Brokers lose 'easy money' with TD commission change

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It may be the end of a very lucrative era for brokers using TD. But for one high-volume broker, in particular, it’s the loss of a $400,000 shot in the arm, with the bank finally moving to bring its generous mortgage replacement policy in line with other lenders.

“It’s a sign of the times and I understand why they’ve done it,” said Gord Pipkey, owner of Verico Real Mortgage Services and No. 1 on this year’s CMP Top 50. “Still, the change is going to affect us more than it will most brokers because we do 40 per cent of our deals with TD and we’re one of their biggest brokers.”

Indeed.

Pipkey is bracing for revenue loss of $400K annually stemming from TD’s move last month to alter its commission on “replacement” mortgages. It means brokers arranging refinances with a minimum $20,000 increase for existing TD clients will no longer earn full commission on the entire replacement mortgage, but just the bump-up.

TD’s decision to close that loophole brings it in line with the overwhelming majority of broker channel lenders. It also represents the loss of what Pipkey terms “easy money” for brokers, already grappling with a slower real estate market. Refinances have helped to fill the gap, although for brokers sending a significant percentage of their deals to TD, the bank’s decision may further compromise their bottom lines.

Still, Pipkey, who did $263 million in funded volume last year, isn’t dwelling on the loss.

“I’m a mature broker, who understands economics and the current environment,” he said. “TD’s decision reflects a tightening market. It’s only equitable.”

It’s unclear what if any affect the move will have on the big bank’s appeal with mortgage professionals, although at least one agent is suggesting the bank has now increased the willingness of brokers to move clients for refinances that would otherwise have stayed at TD.

  • JS on 2011-10-14 4:05:50 AM

    About time, this gets rid of the churning that goes on in the industry that has forced the lenders into near 0 profitability

  • George on 2011-10-14 4:14:27 AM

    This lines up with TD's move to pay realtors 50bps as a referral fee. We have not used TD in years and these are 2 good reasons for you brokers to think twice.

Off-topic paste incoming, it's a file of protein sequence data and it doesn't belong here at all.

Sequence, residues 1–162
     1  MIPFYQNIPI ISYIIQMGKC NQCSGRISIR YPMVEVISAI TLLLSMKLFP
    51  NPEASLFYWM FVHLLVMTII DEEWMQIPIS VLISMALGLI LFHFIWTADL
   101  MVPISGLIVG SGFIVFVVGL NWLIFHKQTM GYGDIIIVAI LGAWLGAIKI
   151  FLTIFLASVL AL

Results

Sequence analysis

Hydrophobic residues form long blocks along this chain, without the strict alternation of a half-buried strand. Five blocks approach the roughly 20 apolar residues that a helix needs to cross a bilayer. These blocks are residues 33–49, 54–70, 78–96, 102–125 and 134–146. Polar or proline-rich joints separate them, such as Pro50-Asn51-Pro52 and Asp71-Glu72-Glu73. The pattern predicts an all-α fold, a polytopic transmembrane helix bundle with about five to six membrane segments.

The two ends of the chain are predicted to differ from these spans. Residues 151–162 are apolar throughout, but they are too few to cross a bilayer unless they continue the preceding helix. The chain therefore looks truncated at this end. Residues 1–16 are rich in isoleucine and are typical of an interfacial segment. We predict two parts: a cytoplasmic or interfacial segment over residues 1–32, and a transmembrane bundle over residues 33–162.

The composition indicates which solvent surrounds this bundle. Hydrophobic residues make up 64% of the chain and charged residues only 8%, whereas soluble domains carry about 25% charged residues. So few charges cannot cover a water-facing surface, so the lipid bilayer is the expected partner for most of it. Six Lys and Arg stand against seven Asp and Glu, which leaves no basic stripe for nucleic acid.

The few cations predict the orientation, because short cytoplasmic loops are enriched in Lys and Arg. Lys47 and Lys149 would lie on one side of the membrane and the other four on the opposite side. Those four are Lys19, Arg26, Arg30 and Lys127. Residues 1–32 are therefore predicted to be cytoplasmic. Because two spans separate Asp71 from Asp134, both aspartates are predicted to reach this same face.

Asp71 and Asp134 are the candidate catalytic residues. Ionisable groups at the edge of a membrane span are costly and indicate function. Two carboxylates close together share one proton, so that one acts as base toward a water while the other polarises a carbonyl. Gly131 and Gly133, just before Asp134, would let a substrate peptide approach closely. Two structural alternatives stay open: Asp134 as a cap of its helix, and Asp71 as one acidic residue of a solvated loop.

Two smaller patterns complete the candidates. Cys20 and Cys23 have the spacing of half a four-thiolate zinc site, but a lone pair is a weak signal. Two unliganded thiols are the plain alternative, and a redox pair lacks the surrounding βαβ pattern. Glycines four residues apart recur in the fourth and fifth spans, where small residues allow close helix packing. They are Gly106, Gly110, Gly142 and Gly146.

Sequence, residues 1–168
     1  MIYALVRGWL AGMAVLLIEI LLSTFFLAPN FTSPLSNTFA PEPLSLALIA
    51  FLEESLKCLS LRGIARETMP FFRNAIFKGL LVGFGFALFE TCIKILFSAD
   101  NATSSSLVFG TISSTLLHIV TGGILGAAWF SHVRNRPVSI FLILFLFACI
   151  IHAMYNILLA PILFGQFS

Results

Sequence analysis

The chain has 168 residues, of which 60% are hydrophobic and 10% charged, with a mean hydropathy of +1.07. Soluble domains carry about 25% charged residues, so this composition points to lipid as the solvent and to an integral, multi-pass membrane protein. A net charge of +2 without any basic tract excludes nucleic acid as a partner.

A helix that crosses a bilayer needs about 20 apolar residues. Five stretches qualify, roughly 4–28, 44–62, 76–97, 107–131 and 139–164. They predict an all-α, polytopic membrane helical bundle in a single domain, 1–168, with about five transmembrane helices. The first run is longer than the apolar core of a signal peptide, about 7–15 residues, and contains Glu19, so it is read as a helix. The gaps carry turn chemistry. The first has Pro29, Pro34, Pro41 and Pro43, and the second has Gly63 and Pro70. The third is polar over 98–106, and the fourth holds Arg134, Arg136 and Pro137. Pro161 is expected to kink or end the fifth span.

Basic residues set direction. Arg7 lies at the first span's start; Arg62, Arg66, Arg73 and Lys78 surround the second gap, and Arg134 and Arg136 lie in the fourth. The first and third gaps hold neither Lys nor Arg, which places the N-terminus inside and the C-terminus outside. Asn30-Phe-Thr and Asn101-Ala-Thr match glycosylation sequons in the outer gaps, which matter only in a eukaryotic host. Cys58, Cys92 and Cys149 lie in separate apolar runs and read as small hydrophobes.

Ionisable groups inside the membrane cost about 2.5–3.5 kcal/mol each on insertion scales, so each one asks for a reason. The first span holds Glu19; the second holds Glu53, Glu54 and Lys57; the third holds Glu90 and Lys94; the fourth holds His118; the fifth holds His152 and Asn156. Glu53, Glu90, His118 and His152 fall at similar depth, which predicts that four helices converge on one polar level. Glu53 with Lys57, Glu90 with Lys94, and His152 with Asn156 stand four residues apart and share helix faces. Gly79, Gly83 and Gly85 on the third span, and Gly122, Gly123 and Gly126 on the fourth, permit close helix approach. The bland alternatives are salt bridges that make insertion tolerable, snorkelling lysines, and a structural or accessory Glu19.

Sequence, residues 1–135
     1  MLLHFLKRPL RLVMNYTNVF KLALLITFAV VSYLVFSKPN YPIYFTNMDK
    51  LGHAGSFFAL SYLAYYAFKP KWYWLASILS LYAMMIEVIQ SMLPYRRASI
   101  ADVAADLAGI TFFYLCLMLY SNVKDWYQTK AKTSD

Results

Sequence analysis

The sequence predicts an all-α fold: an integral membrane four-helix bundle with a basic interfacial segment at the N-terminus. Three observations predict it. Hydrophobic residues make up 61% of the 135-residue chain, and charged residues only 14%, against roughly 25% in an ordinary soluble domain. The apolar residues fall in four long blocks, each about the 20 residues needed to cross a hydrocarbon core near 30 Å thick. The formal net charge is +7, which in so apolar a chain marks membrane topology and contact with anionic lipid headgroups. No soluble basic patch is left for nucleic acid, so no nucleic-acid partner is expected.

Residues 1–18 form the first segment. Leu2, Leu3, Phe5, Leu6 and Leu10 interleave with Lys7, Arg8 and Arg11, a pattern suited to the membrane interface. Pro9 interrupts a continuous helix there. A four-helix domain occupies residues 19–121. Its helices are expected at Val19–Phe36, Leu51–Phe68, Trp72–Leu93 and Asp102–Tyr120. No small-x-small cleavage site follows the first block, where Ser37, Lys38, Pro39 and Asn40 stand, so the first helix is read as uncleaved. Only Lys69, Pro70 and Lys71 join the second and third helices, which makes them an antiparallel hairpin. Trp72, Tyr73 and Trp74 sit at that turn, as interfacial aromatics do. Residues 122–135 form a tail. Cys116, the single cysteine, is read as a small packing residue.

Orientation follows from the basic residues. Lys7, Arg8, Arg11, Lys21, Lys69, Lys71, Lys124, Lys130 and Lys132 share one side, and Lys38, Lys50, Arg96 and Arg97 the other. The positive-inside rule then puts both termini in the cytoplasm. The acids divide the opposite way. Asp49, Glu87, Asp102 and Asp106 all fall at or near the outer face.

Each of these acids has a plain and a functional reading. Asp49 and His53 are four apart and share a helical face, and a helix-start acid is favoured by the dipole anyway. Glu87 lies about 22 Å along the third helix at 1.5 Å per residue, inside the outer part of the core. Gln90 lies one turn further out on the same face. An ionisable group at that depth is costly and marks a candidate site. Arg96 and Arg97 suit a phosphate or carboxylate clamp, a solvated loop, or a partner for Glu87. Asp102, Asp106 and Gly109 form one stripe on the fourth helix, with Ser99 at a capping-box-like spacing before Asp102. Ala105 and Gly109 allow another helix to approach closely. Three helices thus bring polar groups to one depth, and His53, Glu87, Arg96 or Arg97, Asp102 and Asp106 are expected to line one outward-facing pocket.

• Reality Check on 2011-10-14 4:14:45 AM

    The sense of entitlement that Mortgage Brokers seem to be unashamed of, is completely disgusting. We get paid to provide New business, not churning around existing clients. Experienced brokers like this should be doing what's best for their client instead of complaining about the loss of "easy money". We earn our livelihood, not complain it.

  • Dustan Woodhouse on 2011-10-14 4:28:42 AM

    I see this as a potential negative for the clients more than anybody else.

    Although I personally tend to focus on the pending referral from giving a client good service, as opposed to the commission on the file I am working; there is little doubt that most of us are still motivated by the dollars per file. To that end how many clients would still be sitting in Prime + products from 2009, rather than having been shown the savings of a refinance to P- the following year were brokers not being paid to redo those files.

    How many banks sales force reps went back through their book and re-did dozens of mortgages for zero commission when the discounts came back in 2010?

    I like to think that most brokers will take care of their clients interests first, but TD’s move dampens the motivation for some I suspect. With variable discounts all but gone, and the potential for a second wave of variable refi’s ahead should discounts come back will test us all for sure.

    Hopefully brokers will see that even doing the odd pro-bono work tends to lead to more referrals; files that you do in fact get paid on.

    At the end of the day though, yes – the easy money is gone.

  • Blair Anderson on 2011-10-14 5:40:33 AM

    Well said RC. Brokers need to worry less about reaching status levels with any one lender, and keep the lender community competitive. And only pick lenders who focus strictly on conversion ratios, nothing else.

  • Long over due! on 2011-10-14 6:14:32 AM

    Paying brokers to recycle the same clients over and over has proven not to be a financially sustainable model for this lender. Surprise surprise.

  • Angela Wong-Liao, Invis Inc on 2011-10-14 11:37:32 AM

    It make sense that TD stop double dipping paying the brokers for their refinancing deals as most other lenders do not compensate for the full mortgage amount for refinancing, only compensate on the top up amount. I agree with this policy because I do not want my clients to pay penalties on refinancing with their own banks.

  • Alberta on 2011-10-18 12:45:29 PM

    Well that is news to me, I never received a full commission on a td deal unless the client paid the full pre-penalty and only than if it made sense. I guess I missed the memo

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